Wednesday, November 2, 2011

Mitsubishi Lancer Sportback--Hidden Gem

When you're retailing, say, Ford F150 pickup trucks or Toyota Camrys, you basically just round 'em up and move 'em out. These models sell in the U.S. in the hundreds of thousands every year. "What color would you like?," is what the salespeople ask their numerous customers.

What if you're Mitsubishi? Things aren't going as well in the U.S. these days, with the sporty Eclipse in decline, the Galant a perennial also-ran and SUV sales stagnant. But there are some bright spots, including the upcoming "i" all-electric models, the brisk-selling compact crossover Outlander Sport--and the Lancer Sportback.

The Lancer is its most ferocious as the Evolution, with its 291-horsepower turbocharged engine, Brembo brakes, Recaro seats, and such, but the Lancer itself, in sedan or Sportback form, is a nice car that is overshadowed by some flashier competition. My Graphite Gray test car looked handsome and had the solid, well put together look of a BMW sedan of a couple of generations ago. The big mouth grille is the new face of Mitsubishi, in the style of Audi, but the general proportions are restrained and handsome.

Inside, the lines are straight, surfaces no-nonsense and hard for the most part, and the chrome and bling are at a minimum. At first glance, this seems a little Spartan, but, frankly, that's the way 3 Series BMWs have looked for years and nobody has complained. In truth, when you're driving you want controls that work the way they're supposed to, information when you need it, and reasonable quiet so you can hear the stereo. These things the Lancer does just fine, and the lack of overtly styled twists and turns and elaborately crafted dash art are pleasantly non-distracting.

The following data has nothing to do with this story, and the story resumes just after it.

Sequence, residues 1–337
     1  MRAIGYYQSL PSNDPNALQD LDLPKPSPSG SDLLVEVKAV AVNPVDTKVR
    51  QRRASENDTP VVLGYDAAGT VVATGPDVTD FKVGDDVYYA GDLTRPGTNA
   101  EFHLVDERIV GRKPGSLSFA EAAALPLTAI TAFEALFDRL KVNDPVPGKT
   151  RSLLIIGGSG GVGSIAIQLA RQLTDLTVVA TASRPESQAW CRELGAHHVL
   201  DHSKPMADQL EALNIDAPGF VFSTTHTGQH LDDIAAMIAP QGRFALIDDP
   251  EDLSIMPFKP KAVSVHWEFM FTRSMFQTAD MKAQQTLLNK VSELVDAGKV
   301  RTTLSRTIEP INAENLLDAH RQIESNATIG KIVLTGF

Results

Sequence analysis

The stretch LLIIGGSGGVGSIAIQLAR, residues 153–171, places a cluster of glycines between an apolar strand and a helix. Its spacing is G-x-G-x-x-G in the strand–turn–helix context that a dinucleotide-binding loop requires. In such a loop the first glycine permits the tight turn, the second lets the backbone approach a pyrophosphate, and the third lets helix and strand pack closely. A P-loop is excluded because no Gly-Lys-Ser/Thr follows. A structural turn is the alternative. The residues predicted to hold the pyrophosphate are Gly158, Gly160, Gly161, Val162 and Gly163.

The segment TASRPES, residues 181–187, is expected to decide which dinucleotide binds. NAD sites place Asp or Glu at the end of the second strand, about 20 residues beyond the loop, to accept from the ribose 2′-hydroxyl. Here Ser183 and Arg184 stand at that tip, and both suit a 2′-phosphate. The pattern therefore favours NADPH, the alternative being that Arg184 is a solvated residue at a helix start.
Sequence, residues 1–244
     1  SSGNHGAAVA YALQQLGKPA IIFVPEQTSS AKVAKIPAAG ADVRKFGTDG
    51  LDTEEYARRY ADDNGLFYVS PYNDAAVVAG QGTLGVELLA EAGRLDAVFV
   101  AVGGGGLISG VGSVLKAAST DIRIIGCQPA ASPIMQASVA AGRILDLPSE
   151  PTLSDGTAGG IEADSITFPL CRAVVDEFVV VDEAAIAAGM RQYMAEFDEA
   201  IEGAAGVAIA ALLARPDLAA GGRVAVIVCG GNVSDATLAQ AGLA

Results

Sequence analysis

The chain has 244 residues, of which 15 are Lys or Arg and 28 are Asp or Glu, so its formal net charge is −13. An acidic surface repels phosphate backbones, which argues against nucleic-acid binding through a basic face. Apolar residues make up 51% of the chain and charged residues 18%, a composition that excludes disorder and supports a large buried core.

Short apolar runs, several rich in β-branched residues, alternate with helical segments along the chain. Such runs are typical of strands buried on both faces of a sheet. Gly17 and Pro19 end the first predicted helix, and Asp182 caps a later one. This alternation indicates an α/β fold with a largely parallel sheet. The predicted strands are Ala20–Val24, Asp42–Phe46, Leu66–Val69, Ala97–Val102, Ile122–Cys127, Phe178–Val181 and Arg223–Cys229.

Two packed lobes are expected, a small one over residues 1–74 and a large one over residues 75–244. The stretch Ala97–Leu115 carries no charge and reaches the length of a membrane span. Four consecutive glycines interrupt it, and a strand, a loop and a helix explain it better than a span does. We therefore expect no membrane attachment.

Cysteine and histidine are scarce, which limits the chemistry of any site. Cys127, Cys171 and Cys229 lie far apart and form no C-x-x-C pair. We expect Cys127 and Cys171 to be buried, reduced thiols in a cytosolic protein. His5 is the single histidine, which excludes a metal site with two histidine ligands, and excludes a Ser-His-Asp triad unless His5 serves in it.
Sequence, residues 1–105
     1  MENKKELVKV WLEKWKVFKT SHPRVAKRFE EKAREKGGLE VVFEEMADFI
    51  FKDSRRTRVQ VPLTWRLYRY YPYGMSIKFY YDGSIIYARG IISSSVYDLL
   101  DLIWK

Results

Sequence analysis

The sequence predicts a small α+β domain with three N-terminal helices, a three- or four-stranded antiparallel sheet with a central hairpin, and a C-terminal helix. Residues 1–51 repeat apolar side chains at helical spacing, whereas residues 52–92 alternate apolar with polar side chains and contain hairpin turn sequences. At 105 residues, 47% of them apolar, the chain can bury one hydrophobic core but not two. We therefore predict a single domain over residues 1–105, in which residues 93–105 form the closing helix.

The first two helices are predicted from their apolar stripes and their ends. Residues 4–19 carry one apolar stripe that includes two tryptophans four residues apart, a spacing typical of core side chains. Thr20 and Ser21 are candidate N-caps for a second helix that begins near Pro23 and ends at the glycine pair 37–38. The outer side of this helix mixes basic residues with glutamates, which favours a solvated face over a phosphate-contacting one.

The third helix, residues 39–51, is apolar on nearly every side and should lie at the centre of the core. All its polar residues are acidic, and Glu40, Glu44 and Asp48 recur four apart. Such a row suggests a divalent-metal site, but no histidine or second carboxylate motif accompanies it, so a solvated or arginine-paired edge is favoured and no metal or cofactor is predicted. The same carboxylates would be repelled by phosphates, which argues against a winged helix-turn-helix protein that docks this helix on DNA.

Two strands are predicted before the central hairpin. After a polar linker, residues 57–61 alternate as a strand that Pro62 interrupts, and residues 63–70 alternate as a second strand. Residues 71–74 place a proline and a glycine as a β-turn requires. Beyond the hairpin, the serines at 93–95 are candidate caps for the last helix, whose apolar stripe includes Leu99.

The ES model, like mine, has a 148-horsepower 2.0-liter four-cylinder engine mated to a manual or automatic. My tester had the latter, which, as a Continuously Variable Transmission, churned out usable ratios without fuss and never left me sitting there. The manual, which I sampled in a sedan previously, would be a little more fun.

Average fuel economy is rated at 27 and that's about what I got. Not bad.

The GTS moves up to a 2.4-liter four with 168 horsepower and adds 18-inch alloy wheels. The Ralliart uses a 2.0-liter turbo to put out 237 horsepower. See their website for model specs.

The real bonus of the Sportback is its generous hatchback. It lifts up high--above head clunking level--and a quick drop of the seats opens up a surprisingly large and flat carpeted space. When the rear seats are up and the cover's in place, you get the security of a good-sized trunk. It's a best-of-both-worlds deal.

At $20,105, including optional 18-inch alloys from the higher-level models, rear disc brakes and stabilizer bars for higher performance, a sunroof and nice leather-wrapped steering wheel, the car feels like something of a bargain.

You just have to keep an open mind when you're out shopping--and figure out where the nearest Mitsubishi dealer is located.

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